An accountant and Party director at a major trading company affiliated with the Workers’ Party of Korea (WPK) were recently arrested by North Korean security officials for embezzling company money and planning an escape to China.
As North Korean leader Kim Jong Un was away in Hanoi meeting with President Donald Trump for the second time, this incident suggests that North Korean authorities are cracking down heavily on corruption inside the country.
A source in Pyongyang told Daily NK that the trading company, “Yonun Company” (located in Ryanggang Province), is under the control of the WPK’s Foreign Liaison Office and the two suspects, a female accountant in her 40s and the company’s Party director, are accused of the embezzlement.
The accountant has been detained and is being interrogated by the local prosecutor’s office, while the director has been stripped of his position and is awaiting interrogation.
Yonun Company reportedly posted excellent foreign currency earnings recently. These earnings were helped in part by the company’s affiliation with the Party’s Foreign Liaison Office, but the accountant’s expertise was also a significant factor.
The interrogation of the accountant revealed that she had provided gifts of alcohol and other items to Party officials to acquire benefits for the company such as trade permits.
“The Party director of the company, who was tasked with rooting out corruption, helped the accountant rob the company of significant amounts of funds,” the Pyongyang-based source said, adding that the “Party director apparently thought that he could use the accountant to gain benefits for himself.”
“In their reports to Pyongyang, Party officials tend to under-represent how much money they have earned, and this case was another example of that,” said a source in Ryanggang Province.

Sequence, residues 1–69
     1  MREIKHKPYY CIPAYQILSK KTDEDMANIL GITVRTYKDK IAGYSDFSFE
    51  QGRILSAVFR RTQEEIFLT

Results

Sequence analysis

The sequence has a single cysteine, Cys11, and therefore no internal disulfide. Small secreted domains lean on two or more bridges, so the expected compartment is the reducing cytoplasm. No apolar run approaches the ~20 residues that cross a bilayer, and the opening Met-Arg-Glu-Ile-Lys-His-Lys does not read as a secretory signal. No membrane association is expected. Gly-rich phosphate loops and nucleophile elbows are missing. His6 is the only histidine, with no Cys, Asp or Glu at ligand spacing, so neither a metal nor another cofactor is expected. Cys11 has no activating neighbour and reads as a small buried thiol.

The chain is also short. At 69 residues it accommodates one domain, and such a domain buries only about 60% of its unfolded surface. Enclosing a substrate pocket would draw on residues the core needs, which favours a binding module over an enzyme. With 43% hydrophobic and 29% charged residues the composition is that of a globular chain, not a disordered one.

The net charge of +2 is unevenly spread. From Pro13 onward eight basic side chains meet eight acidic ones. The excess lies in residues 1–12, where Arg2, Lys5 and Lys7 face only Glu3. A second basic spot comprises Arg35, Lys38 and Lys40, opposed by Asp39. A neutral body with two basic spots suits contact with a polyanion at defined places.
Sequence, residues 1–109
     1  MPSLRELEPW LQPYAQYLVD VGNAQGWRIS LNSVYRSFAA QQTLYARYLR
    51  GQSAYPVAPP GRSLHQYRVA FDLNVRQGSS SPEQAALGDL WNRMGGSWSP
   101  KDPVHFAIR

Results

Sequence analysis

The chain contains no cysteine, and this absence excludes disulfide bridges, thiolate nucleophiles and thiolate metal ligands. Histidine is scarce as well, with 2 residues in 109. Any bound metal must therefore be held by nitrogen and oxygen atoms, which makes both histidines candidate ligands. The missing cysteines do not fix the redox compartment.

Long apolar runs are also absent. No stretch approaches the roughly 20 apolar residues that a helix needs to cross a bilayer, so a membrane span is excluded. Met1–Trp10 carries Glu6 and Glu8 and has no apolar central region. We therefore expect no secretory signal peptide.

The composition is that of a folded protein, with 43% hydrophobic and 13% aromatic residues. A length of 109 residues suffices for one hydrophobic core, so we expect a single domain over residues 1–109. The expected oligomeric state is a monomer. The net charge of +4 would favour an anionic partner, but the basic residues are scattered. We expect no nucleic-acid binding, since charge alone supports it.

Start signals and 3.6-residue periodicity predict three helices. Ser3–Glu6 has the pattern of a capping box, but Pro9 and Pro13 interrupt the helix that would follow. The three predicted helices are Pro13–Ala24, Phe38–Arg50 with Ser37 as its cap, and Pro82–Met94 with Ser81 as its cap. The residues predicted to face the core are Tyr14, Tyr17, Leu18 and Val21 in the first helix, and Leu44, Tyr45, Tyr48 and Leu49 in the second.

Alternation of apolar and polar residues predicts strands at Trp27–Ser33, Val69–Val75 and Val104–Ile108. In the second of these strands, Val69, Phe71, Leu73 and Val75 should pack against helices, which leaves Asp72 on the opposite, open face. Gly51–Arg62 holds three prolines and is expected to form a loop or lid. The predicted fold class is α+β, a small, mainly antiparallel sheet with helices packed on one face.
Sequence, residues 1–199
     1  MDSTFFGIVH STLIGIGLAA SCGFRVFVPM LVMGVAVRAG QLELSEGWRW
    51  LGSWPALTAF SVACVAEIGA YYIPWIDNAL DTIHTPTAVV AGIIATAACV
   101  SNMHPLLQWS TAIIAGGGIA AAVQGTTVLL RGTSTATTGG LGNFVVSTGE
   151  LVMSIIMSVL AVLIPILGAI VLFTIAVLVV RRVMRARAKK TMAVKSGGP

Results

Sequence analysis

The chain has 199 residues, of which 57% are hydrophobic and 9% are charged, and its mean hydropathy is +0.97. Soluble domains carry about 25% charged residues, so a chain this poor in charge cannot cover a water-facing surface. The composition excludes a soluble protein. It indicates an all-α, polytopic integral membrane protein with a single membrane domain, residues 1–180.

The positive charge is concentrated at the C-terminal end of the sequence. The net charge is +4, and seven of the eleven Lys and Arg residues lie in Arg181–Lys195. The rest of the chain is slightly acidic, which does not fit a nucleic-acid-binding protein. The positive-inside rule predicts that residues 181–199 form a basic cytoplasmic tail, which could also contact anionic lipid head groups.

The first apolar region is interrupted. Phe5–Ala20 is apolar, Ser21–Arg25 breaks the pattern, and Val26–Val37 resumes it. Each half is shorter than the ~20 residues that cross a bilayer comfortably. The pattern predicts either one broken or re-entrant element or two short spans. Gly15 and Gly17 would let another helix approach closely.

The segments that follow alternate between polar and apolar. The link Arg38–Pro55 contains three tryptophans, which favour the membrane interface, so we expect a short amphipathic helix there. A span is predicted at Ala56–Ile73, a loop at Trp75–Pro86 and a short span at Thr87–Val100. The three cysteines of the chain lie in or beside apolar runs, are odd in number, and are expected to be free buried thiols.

“Ultimately, he did just that to hide his money,” he added.
The two suspects also created a bank account under another name in China and reportedly planned to escape there together. They were placing the embezzled funds into that account, which was under the name of a Chinese trader that they had formed a relationship with.
“North Korean trading companies naturally form relationships with Chinese traders after 10 or more years of working together,” said a source in China close to North Korean affairs.
“North Korean traders try to find Chinese traders who have already invested money in North Korea and get them to open an account under a borrowed name.”
In other words, North Korean traders form relationships with Chinese nationals who have invested money in North Korea and then ask them to create an account in China for them. The Chinese traders like the idea that the money that the North Korean traders send into China is under their control, and the North Korean traders benefit from being able to create a secret slush fund, according to the source.
The two suspects in this case, however, used the method to embezzle state funds, which means that they will likely face stiff punishment. Other high-level officials might also come under scrutiny because the accountant may confess to other instances of corruption.